On the continuum of realism and idealism, my understanding of truth leans towards realism. Realism posits that reality exists independent of our perception or beliefs and that there are objective truths that can be discovered through reason and empirical observation. I believe in the existence of an external reality that exists beyond our subjective experiences.
When it comes to defining a person, I agree with the attributes given by Doheny, Cook, and Stopper (1997). The ability to think and conceptualize is a fundamental characteristic of being human. It allows us to reason, problem-solve, and create. The capacity to interact with others is also an essential aspect of personhood. Humans are social beings who thrive in relationships and depend on social interactions for personal growth and development. The need for boundaries is another crucial attribute, as it helps individuals define their identity, establish personal space, and set limits in their interactions with others. Lastly, the use of language is a fundamental skill that distinguishes humans from other animals. Language enables us to communicate and express our thoughts, emotions, and desires.
Maslow’s hierarchy of needs, with self-actualization at the top, offers an insightful perspective on humanness. Maslow argues that individuals have a set of basic needs that must be satisfied before they can strive for self-actualization. These needs include physiological needs, safety needs, belongingness and love needs, esteem needs, and self-actualization needs. I agree with Maslow’s description of humanness in terms of this hierarchy, as it recognizes the importance of meeting basic physiological and safety needs before individuals can reach their highest potential.
In the context of nursing, persons are indeed a major focus. Nursing is a profession that places great emphasis on caring for individuals and promoting their overall well-being. Nurses provide holistic care to patients, taking into account their physical, emotional, social, and spiritual needs. Understanding the person as a unique individual with a distinct set of values, beliefs, and experiences is essential in delivering quality nursing care.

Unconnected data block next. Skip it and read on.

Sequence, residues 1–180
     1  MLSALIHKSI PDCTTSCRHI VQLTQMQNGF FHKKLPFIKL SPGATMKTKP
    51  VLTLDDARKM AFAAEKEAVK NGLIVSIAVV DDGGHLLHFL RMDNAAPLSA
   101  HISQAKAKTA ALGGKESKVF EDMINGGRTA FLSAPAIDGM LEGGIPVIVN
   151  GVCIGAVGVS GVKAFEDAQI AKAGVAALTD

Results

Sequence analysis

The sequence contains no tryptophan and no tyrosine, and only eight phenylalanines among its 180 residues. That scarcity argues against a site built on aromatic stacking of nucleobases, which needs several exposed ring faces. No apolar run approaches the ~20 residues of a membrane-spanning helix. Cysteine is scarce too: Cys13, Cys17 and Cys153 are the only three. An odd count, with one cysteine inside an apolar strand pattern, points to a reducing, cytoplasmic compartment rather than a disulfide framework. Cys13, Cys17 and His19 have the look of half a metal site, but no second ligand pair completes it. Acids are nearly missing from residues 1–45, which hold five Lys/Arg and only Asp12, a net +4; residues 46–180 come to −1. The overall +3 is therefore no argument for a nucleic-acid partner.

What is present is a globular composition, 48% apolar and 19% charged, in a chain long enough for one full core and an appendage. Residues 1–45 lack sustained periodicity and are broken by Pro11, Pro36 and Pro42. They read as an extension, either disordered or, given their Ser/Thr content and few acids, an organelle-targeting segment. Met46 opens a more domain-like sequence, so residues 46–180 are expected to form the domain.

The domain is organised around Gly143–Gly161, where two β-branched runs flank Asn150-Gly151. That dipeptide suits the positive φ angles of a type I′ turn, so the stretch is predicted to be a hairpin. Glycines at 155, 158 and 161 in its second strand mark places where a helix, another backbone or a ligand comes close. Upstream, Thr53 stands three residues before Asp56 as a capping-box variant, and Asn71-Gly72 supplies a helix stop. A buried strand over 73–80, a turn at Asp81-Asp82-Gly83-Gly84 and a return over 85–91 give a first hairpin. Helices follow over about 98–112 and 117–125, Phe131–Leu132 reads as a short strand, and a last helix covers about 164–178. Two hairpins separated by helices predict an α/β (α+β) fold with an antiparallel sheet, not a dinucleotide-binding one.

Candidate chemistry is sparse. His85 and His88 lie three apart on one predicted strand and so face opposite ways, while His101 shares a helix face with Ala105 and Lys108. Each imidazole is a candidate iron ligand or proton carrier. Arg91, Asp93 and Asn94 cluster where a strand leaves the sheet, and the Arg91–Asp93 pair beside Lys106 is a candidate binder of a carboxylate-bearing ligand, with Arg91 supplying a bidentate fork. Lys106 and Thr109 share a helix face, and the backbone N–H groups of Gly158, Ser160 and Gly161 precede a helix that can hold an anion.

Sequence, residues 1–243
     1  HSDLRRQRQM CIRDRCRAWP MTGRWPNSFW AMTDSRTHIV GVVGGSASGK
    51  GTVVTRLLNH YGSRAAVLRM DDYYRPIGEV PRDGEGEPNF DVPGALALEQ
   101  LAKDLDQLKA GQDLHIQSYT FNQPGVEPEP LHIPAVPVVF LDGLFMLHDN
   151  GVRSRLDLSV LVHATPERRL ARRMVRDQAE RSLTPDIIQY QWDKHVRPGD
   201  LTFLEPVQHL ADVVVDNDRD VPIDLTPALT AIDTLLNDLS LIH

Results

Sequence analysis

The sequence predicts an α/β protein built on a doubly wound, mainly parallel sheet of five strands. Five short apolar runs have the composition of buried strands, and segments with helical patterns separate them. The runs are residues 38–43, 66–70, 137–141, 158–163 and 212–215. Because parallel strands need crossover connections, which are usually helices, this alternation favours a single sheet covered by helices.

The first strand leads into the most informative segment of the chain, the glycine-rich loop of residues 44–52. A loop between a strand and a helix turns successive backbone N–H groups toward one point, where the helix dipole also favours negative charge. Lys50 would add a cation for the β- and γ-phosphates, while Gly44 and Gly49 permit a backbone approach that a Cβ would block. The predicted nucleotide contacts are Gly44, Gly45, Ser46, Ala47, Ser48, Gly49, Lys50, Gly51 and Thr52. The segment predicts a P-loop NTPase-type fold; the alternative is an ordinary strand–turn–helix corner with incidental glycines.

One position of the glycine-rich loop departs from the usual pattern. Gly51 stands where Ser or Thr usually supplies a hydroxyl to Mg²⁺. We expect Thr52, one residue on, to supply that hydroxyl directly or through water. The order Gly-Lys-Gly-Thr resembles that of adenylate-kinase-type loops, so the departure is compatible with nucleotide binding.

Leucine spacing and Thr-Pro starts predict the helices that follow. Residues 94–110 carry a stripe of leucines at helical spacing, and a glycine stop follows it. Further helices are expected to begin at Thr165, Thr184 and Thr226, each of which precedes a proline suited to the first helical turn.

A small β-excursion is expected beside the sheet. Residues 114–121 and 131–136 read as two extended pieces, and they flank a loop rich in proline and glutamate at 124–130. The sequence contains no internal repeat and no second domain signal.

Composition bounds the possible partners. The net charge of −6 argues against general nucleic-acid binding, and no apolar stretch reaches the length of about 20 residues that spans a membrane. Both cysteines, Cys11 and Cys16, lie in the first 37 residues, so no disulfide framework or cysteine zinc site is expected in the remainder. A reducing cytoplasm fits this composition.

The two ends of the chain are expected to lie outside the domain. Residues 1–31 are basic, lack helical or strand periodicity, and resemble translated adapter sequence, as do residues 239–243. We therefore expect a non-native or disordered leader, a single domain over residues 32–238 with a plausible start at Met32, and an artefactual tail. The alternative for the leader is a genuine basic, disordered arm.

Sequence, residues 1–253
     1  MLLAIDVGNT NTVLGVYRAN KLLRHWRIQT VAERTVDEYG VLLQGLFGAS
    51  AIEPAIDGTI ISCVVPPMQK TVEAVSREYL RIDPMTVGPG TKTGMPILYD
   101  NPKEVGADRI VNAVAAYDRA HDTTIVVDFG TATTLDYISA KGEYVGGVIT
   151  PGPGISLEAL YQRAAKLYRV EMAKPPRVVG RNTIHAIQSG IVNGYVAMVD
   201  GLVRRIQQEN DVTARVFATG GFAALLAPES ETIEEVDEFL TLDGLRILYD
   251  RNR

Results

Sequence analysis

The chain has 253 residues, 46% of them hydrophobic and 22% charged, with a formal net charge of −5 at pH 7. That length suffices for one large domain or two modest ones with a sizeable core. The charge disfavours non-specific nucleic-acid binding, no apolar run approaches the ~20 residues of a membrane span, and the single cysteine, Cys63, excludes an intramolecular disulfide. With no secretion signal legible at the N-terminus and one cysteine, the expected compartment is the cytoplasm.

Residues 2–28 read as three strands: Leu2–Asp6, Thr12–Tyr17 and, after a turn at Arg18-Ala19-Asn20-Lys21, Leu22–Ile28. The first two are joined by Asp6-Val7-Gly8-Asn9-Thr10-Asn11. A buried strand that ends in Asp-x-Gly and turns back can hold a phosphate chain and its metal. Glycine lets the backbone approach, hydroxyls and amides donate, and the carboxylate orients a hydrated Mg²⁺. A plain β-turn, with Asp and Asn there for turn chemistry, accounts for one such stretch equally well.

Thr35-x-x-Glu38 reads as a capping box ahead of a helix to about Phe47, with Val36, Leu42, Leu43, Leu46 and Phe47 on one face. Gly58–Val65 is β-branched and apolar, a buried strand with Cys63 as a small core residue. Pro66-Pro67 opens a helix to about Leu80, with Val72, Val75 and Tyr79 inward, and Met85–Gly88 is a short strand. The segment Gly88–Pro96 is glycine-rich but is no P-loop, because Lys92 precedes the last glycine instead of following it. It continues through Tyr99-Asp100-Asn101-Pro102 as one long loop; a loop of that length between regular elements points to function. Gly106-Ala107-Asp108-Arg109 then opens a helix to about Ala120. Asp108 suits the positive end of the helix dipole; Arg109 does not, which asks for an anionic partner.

Regarding the question of whether humans are inherently good or evil, it is my belief that humans have the capacity for both good and evil. Human nature is complex and multifaceted, and individuals are capable of both altruistic and selfish behaviors. It is important to recognize the potential for both positive and negative actions in order to truly understand and respond to the needs of patients.
In terms of truth, my understanding aligns with realism. I believe that there are objective truths that can be discovered through rational inquiry and empirical observation. This perspective guides my approach to nursing, as I value evidence-based practice and the integration of scientific knowledge into patient care.
The major concepts in nursing, namely person, environment, health, and nursing, are all interconnected and shape the nursing profession. Person refers to the individual receiving care, and understanding their unique needs, preferences, and experiences is essential in delivering effective nursing care. Environment encompasses the physical, social, cultural, and economic factors that influence health and well-being. Health encompasses not just the absence of disease, but also the promotion of optimal physical, mental, and social well-being. Nursing is the art and science of caring for individuals, families, and communities to promote health and prevent illness.
I believe that there can be multiple right answers to situations in nursing. Each patient is unique, and the best approach to care may vary depending on their individual circumstances, preferences, and values. It is important to be flexible and adaptable in order to provide patient-centered care that is tailored to the specific needs of each individual.
I value the whole individual in nursing. This means recognizing that individuals are complex beings with physical, psychological, social, and spiritual dimensions. Providing holistic care involves addressing all these aspects and considering their interplay in promoting overall well-being.
There are several barriers that can prevent nurses from responding to the contextual needs of patients. These may include limited resources, time constraints, organizational policies, and personal biases or prejudices. Overcoming these barriers requires awareness, reflection, and a commitment to providing patient-centered care that considers the unique needs and circumstances of each individual.
As a nurse, I believe in health care for everyone. Access to quality health care is a fundamental human right, and ensuring equitable access to health services is essential in promoting social justice and improving population health outcomes. Providing health care for everyone is not only a moral imperative but also has practical benefits for society as a whole.
Universal health care has value to me as a person because it aligns with my core values of justice, compassion, and equality. It ensures that everyone, regardless of their socioeconomic status or personal circumstances, has access to the care they need to maintain and improve their health.
In terms of my personal philosophy fitting with the context of nursing, I believe that it aligns well. My belief in holistic care, evidence-based practice, and social justice aligns with the principles and values of the nursing profession. However, it is important to continuously assess and reflect on our personal philosophies to ensure they remain relevant and adaptable to the evolving needs of patients and society.